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Sir William Orpen, R.H.A., R.A. (1878-1931)
Sir William Orpen, R.H.A., R.A. (1878-1931)

An illustrated Letter to his Wife, Grace

Details
Sir William Orpen, R.H.A., R.A. (1878-1931)
An illustrated Letter to his Wife, Grace
signed 'Billon' and inscribed 'School/My dearest wife/I am going to do/you a little series/of pictures illustrating/Johnnie's life in/London, Dublin I mean! This the/first is Johnnie/at the modern art/gallery taking/great interest/in works of/art - He is quite disgusted with me as I have taken/to the water-wag. I was really forced to do it as if not/Johnnie would have wanted me to go on all day/I just lent him a shilling occasionally - I think he's/getting sick of Dublin. He can't find as many/people to give him drinks here as in London/so is rather dry - if only I could get everybody to go on the water-wag. I think his brain would/give way - I'm delighted you are going out/to dinner what a nice little Party...'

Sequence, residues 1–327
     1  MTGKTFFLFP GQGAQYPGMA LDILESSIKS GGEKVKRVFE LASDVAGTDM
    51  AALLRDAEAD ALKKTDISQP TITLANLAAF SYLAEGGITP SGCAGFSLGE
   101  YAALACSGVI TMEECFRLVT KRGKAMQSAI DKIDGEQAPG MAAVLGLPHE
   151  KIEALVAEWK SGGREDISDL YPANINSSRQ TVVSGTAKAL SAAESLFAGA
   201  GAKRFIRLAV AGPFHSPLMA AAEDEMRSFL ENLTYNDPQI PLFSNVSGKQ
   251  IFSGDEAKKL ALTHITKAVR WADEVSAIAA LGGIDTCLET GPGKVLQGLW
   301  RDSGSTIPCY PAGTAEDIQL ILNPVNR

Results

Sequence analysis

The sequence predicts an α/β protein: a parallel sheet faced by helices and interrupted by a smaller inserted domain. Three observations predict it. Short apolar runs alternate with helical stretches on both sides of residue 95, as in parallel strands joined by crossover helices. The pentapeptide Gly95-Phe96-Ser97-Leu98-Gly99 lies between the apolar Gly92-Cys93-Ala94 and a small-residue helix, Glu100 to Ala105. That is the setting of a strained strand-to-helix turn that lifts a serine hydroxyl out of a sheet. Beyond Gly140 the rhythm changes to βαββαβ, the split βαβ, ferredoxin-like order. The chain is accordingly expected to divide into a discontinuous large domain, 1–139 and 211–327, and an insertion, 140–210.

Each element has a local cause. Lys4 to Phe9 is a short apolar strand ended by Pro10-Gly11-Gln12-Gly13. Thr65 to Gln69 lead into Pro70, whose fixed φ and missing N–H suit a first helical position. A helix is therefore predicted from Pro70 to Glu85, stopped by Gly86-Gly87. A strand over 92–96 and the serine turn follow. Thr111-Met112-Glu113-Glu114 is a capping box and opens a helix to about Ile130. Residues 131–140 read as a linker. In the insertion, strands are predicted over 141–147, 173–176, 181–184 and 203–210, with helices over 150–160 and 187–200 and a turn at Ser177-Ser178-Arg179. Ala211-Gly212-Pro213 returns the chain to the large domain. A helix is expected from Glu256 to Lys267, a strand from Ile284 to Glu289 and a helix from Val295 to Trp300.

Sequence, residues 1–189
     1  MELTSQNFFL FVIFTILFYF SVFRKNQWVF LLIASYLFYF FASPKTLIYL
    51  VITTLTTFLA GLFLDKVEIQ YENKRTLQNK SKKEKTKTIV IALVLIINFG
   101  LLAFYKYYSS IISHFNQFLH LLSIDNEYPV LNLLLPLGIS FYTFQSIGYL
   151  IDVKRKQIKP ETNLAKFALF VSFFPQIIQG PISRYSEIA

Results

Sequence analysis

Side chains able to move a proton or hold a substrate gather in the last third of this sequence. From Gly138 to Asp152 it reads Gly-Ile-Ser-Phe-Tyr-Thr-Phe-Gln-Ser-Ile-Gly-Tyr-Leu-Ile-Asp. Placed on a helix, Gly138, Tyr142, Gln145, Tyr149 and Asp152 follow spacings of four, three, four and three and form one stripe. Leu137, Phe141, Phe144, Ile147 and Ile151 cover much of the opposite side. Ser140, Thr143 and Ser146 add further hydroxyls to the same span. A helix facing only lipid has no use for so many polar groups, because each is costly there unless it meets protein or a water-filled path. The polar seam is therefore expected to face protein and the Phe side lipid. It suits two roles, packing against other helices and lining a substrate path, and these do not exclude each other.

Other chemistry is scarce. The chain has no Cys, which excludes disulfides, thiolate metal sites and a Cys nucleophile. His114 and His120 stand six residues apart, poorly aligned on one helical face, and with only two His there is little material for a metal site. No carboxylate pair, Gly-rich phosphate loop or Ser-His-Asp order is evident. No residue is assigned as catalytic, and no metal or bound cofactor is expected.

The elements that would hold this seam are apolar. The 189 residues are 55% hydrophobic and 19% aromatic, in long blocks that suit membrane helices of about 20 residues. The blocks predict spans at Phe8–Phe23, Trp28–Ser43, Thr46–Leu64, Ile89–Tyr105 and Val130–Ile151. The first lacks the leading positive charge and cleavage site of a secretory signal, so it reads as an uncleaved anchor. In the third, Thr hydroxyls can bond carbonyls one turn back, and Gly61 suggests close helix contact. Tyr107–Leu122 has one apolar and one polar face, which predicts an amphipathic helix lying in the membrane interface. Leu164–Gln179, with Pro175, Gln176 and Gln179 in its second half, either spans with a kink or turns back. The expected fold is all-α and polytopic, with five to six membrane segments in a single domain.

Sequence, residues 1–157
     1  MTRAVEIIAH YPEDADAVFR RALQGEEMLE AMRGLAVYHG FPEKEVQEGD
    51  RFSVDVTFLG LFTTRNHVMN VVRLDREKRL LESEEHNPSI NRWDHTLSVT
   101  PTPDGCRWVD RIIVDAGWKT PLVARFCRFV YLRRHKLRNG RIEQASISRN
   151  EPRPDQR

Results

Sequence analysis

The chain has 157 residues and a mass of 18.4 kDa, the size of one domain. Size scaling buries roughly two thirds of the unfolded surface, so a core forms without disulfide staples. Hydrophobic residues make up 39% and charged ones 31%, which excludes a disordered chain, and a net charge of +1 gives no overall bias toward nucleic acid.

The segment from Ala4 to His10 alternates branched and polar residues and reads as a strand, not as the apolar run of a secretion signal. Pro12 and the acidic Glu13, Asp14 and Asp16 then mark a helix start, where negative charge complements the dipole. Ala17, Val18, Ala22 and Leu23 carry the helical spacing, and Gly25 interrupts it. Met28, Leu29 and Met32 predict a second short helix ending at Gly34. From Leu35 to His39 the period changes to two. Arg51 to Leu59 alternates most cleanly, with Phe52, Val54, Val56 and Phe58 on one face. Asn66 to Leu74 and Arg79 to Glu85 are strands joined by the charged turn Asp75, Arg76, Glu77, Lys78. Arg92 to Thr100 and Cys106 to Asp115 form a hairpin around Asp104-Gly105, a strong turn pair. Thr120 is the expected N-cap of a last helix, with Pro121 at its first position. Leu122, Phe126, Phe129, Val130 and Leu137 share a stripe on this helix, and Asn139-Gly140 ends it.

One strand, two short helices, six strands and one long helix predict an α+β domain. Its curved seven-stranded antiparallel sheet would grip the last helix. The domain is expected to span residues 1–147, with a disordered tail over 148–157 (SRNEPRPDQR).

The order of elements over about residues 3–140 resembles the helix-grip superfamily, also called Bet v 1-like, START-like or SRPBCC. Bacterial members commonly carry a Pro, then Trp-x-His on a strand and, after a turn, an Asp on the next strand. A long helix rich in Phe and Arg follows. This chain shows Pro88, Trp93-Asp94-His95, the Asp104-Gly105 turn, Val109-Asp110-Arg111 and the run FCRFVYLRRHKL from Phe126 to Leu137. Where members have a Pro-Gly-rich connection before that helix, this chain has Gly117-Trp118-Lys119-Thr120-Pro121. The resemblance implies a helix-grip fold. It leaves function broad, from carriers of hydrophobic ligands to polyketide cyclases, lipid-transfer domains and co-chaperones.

pen and black ink, unframed
13 x 8 in. (33 x 20.3 cm.)
Provenance
The Artist's Family.

Lot Essay

'The reference to the Modern Art Gallery, would suggest a date after January 1908, when the Art Gallery first opened in Harcourt Street, Dublin, and certainly would be no later than 1914.

'Johnnie' is a reference to Johnnie Granger, a rather colourful character and friend of Orpen's, who was, if Orpen's account in the letter is to be believed, particularly fond of drink. According to Bruce Arnold (Orpen, Mirror to an Age, London, 1981, p.193) he was a Slade friend and helped Orpen out at the Chelsea Art School, by giving lectures, after Augustus John had effectively abandoned the project. It has also been suggested that he is the painter, painting the nude in Orpen's studio, in Orpen's canvas The Studio (Leeds City Art Gallery: 31/52)'.
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